tcdevices - Shorewall6 Traffic Shaping Devices file
Entries in this file define the bandwidth for interfaces on which you want
traffic shaping to be enabled.
If you do not plan to use traffic shaping for a device, don't put it in here as
it limits the throughput of that device to the limits you set here.
A note on the bandwidth
definitions used in this file:
•don't use a space between the integer
value and the unit: 30kbit is valid while 30 kbit is not.
•you can use one of the following
Kilobytes per second.
Megabytes per second.
Kilobits per second.
Megabits per second.
Bytes per second.
•Only whole integers are allowed.
The columns in the file are as follows (where the column name is followed by a
different name in parentheses, the different name is used in the alternate
Name of interface
. Each interface may
be listed only once in this file. You may NOT specify the name of an alias
(e.g., eth0:0) here; see http://www.shorewall.net/FAQ.htm#faq18
You may NOT specify wildcards here, e.g. if you have multiple ppp interfaces,
you need to put them all in here!
If the device doesn't exist, a warning message will be issued during
"shorewall6 [re]start" and "shorewall6 refresh" and
traffic shaping configuration will be skipped for that device.
Shorewall6 assigns a sequential interface number to each interface (the first
entry in the file is interface 1, the second is interface 2 and so on)
Beginning with Shorewall6-perl 4.1.6, you can explicitly specify the interface
number by prefixing the interface name with the number and a colon
(":"). Example: 1:eth0.
The incoming bandwidth
interface. Please note that you are not able to do traffic shaping on incoming
traffic, as the traffic is already received before you could do so. But this
allows you to define the maximum traffic allowed for this interface in total,
if the rate is exceeded, the packets are dropped. You want this mainly if you
have a DSL or Cable connection to avoid queuing at your providers side.
If you don't want any traffic to be dropped, set this to a value to zero in
which case Shorewall will not create an ingress qdisc.Must be set to zero if
the REDIRECTED INTERFACES column is non-empty.
The optional burst option was added in Shorewall 4.4.18. The default
is 10kb. A larger burst
can help make the bandwidth
more accurate; often for fast lines, the enforced rate is well below the
What is described above creates a rate/burst policing filter. Beginning with
Shorewall 4.4.25, a rate-estimated policing filter may be configured instead.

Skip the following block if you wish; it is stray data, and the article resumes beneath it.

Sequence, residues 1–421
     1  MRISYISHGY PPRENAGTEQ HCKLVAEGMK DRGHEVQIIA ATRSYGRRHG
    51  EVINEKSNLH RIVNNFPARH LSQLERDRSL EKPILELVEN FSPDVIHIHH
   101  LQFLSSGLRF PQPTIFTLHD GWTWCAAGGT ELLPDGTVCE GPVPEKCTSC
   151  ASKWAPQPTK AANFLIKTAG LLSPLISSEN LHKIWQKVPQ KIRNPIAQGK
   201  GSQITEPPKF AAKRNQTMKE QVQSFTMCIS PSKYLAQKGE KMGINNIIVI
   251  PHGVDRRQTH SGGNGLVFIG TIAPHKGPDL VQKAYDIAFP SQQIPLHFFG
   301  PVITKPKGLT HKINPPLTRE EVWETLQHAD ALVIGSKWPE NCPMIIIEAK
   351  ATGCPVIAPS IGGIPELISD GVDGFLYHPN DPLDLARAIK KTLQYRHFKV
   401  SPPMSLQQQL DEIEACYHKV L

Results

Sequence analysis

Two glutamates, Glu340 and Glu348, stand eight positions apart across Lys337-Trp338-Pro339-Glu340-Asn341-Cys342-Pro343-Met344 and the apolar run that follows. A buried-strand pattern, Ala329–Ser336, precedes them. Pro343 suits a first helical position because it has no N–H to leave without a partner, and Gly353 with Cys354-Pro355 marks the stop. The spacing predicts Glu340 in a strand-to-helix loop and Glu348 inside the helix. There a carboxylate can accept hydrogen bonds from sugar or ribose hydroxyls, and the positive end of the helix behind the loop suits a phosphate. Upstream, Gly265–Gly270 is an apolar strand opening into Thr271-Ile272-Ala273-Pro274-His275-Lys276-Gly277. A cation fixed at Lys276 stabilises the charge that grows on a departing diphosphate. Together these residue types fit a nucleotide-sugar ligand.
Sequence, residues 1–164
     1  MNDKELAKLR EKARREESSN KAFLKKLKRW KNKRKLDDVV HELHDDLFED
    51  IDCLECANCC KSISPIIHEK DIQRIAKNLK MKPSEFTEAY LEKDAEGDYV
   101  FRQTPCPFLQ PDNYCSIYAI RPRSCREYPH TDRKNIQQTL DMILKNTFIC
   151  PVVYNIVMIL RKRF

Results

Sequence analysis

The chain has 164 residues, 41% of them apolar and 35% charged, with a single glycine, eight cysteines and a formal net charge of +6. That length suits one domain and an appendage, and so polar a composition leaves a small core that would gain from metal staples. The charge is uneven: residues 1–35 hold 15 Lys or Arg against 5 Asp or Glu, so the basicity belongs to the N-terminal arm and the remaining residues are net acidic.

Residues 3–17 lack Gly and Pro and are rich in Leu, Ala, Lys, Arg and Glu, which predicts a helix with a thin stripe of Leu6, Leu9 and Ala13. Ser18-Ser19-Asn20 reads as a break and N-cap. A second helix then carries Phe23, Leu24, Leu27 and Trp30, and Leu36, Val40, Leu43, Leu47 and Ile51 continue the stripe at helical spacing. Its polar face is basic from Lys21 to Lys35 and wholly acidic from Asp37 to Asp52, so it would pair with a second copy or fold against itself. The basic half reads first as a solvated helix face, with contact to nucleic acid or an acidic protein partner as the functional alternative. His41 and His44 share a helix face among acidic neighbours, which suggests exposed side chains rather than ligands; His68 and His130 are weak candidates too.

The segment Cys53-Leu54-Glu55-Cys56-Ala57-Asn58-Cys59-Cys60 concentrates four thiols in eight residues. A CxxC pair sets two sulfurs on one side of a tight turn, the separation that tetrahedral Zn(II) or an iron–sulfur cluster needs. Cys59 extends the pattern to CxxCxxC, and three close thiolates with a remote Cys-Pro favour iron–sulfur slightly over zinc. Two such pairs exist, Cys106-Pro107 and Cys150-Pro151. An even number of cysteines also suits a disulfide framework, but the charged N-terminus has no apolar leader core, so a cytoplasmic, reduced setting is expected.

Rate-estimated filters should be used with Ethernet adapters that have Generic
Receive Offload enabled by default. See Shorewall FAQ 97a
To create a rate-estimated filter, precede the bandwidth with a tilde
("~"). The optional interval and decay_interval determine how often
the rate is estimated and how many samples are retained for estimating. Please
(out_bandwidth) - bandwidth
The outgoing bandwidth of that
interface. This is the maximum speed your connection can handle. It is also
the speed you can refer as "full" if you define the tc classes in
shorewall6-tcclasses(5). Outgoing traffic above this rate will be
— When specified,
Shorewall will not generate tc or Netfilter rules to classify traffic based on
packet marks. You must do all classification using CLASSIFY rules in
- Use the Hierarchical Token Bucket queuing discipline. This is the
- Shorewall normally uses the Hierarchical Token Bucket queuing
discipline. When hfsc
is specified, the Hierarchical Fair Service
Curves discipline is used instead(see tc-hfsc (7)).
- Added in Shorewall 4.5.6. Type of link (ethernet, atm, adsl).
When specified, causes scheduler packet size manipulation as described in
tc-stab (8). When this option is given, the following options may also be
given after it: mtu
- The device MTU; default 2048 (will be
rounded up to a power of two)
- Minimum packet size used in calculations. Smaller
packets will be rounded up to this size
- Size table entries; default is 512
- Number of overhead bytes per
Added in Shorewall6-perl 4.1.6. May only be
specified if the interface in the INTERFACE column is an Intermediate Frame
Block (IFB) device. Causes packets that enter each listed interface to be
passed through the egress filters defined for this device, thus providing a
form of incoming traffic shaping. When this column is non-empty, the
classify option is assumed.
Suppose you are using PPP over Ethernet (DSL)
and ppp0 is the interface for this. The device has an outgoing bandwidth of
500kbit and an incoming bandwidth of 6000kbit
#INTERFACE IN-BANDWIDTH OUT-BANDWIDTH OPTIONS REDIRECTED
1:ppp0 6000kbit 500kbit
shorewall6(8), shorewall6-accounting(5), shorewall6-actions(5),
shorewall6-blacklist(5), shorewall6-hosts(5), shorewall6-interfaces(5),
shorewall6-policy(5), shorewall6-providers(5), shorewall6-rtrules(5),
shorewall6-routestopped(5), shorewall6-rules(5), shorewall6.conf(5),
shorewall6-secmarks(5), shorewall6-tcclasses(5), shorewall6-mangle(5),
shorewall6-tos(5), shorewall6-tunnels(5), shorewall6-zones(5)
- Shorewall FAQ 97a